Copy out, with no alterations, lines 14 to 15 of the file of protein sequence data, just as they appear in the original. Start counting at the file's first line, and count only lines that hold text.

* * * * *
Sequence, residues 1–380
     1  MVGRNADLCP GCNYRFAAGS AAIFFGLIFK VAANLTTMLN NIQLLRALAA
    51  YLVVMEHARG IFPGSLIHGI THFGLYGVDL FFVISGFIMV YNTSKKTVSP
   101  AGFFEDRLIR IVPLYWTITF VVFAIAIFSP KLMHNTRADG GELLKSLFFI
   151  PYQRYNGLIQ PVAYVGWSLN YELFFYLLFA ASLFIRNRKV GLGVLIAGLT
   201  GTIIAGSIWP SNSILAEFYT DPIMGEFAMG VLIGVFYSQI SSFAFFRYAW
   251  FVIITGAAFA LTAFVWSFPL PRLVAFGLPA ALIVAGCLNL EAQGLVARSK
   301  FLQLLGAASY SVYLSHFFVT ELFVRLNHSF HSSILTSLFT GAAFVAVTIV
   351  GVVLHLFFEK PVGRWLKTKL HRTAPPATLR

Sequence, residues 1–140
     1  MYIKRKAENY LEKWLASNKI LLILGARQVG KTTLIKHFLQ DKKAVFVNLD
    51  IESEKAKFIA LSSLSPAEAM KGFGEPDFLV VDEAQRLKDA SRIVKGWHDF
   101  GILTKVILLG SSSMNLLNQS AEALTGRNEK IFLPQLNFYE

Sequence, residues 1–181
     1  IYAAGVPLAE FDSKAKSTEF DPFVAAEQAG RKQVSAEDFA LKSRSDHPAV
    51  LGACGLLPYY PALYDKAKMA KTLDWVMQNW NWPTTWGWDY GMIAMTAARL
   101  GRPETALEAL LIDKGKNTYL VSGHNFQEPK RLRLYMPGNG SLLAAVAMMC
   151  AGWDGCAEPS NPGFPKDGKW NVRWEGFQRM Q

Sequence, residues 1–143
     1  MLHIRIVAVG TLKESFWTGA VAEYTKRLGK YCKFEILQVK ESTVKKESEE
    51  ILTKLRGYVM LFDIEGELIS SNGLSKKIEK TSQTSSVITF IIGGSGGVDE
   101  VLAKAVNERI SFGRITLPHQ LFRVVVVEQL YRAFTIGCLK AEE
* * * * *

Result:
Sequence, residues 1–181
     1  IYAAGVPLAE FDSKAKSTEF DPFVAAEQAG RKQVSAEDFA LKSRSDHPAV